VI China’s Emerging Capital Markets

International Monetary Fund
Published Date:
January 1994
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While still in its early stages, the growth of capital markets in China will rank as one of the important financial events of the 1990s. The first recognized stock exchange was officially opened in December 1990 in Shanghai, followed in April 1991 by the Shenzhen Stock Exchange. At the end of 1993, the value of equity listed on these two exchanges was about $40 billion, similar in size to the Argentine and Turkish exchanges, and comprising roughly 3 percent of the value of all “emerging markets.” Of the approximately 100 stocks listed on the Shanghai Stock Exchange (SSE), almost 90 percent are A shares (equity shares denominated in yuan and reserved for Chinese residents) and about 10 percent are B shares (equity shares denominated in foreign currency and reserved for foreigners). A shares have so far tended to be much more liquid than B shares. Seven of the most internationally well-known Chinese enterprises (Tsingtao Brewery, Shanghai Petrochemical, Maanshan Steel, and four others)—representing about $3 billion in value-have been listed on the Stock Exchange of Hong Kong (SEHK), and others will be listed later in 1994; shares listed in Hong Kong are known as H shares. In October 1993, a Chinese enterprise was listed on the New York Stock Exchange for the first time. At the same time, over 4,000 Chinese companies are reported to have issued unlisted shares that are informally traded in numerous curb markets in all the major cities. The first mutual fund was recently approved by the People’s Bank of China. While enterprise bonds and equities had been issued and traded since at least the mid-1980s, trading in debt securities—mostly issued by the Central Government and state financial institutions—was officially permitted only after 1986, and promoted by the development of a national OTC market in late 1990. At least three government bonds and 27 enterprise bonds have been listed on the SSE, and futures contracts for government bonds are being actively traded on the exchange.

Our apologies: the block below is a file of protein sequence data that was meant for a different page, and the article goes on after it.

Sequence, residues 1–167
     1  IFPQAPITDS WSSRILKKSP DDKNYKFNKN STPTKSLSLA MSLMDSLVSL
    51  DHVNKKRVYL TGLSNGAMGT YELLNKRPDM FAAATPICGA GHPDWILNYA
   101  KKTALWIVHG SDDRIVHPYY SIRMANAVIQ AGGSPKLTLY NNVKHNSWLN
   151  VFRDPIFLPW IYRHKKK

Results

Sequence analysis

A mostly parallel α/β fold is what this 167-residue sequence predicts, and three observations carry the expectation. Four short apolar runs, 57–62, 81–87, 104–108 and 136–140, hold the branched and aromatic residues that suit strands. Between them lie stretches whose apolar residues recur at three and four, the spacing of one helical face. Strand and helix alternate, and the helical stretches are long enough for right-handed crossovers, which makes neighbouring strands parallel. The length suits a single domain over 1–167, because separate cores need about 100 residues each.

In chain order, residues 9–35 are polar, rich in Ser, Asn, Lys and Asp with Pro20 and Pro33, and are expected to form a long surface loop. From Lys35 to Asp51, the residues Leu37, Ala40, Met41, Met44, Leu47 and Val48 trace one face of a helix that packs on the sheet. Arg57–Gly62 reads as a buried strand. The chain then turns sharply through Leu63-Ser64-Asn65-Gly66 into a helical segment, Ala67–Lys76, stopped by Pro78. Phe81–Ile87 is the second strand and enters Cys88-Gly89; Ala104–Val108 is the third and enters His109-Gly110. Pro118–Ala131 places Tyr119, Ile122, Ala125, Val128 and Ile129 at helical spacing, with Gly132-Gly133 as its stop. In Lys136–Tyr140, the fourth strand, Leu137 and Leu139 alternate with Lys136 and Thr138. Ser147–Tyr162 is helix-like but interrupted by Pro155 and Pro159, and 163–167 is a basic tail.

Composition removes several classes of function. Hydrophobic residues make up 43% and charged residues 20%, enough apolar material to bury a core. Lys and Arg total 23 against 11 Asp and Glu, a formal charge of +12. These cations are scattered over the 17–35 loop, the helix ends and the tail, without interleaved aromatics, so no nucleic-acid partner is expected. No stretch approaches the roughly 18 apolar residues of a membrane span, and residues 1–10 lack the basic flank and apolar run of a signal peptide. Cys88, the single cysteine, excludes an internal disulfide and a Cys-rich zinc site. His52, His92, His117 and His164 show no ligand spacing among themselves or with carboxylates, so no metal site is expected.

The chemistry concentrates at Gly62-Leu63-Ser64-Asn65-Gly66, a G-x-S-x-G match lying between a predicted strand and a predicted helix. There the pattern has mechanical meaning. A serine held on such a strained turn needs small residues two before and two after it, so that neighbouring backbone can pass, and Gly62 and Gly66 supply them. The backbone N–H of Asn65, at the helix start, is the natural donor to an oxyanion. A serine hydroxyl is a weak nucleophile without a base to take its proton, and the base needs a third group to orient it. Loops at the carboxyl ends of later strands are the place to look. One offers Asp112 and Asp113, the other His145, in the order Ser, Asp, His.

One of the main reasons why the development of securities markets in China is of such wide interest is that it illustrates some of the challenges faced by developing country authorities—especially those from transforming economies where private ownership has to be re-established—as they attempt to coordinate these markets into the overall reform effort.

One such challenge is to keep the pace of liberalization of capital markets under control so that it is consistent with the ongoing task of stabilization of the domestic economy. As in other areas of reform, the Chinese authorities introduced capital markets on an experimental basis, hoping to learn from experience and to ensure that change came gradually and incrementally. Securities markets were therefore first introduced in only a few regions. Despite this cautious approach, there were periods in which market developments temporarily outstripped the authorities’ efforts to control such activity. This problem came to a head in the winter of 1992–93 when, against the backdrop of general overheating in the economy, speculation by Chinese investors contributed to a decline in bank deposits and to the diversion of funds from investment by state-owned enterprises to securities and real estate transactions. A decline in liquidity in the rural and state-owned enterprise sectors led authorities to respond by including, in their overall stabilization program, measures forcing the recall of all “speculative” and other unauthorized loans and the complete separation of the banking and securities industries. There had clearly been a tendency on the part of some issuers to flout official regulations. Once economic agents become initiated into the possibilities of raising funds outside the banking system and of obtaining market-determined rates of return, it can be problematic to rein in the scale of these activities or to keep them contained within officially sanctioned channels.

The authorities introduced significant improvements in the regulation of securities markets in 1993. On the institutional side, the new State Council Securities Policy Committee and its executive arm, the China Securities Regulatory Commission, which was established in October 1992, assumed its place as the chief regulator and supervisor of securities markets in the spring of 1993. Thus, the regulation of bond and equity issues and trading were centralized for the first time. This provides the basis for consistent national regulation of securities markets. As a first step, interim regulations governing A shares and bonds were introduced in March 1993, and a new companies law was passed later that year. However, national securities legislation has yet to be passed by the People’s Congress.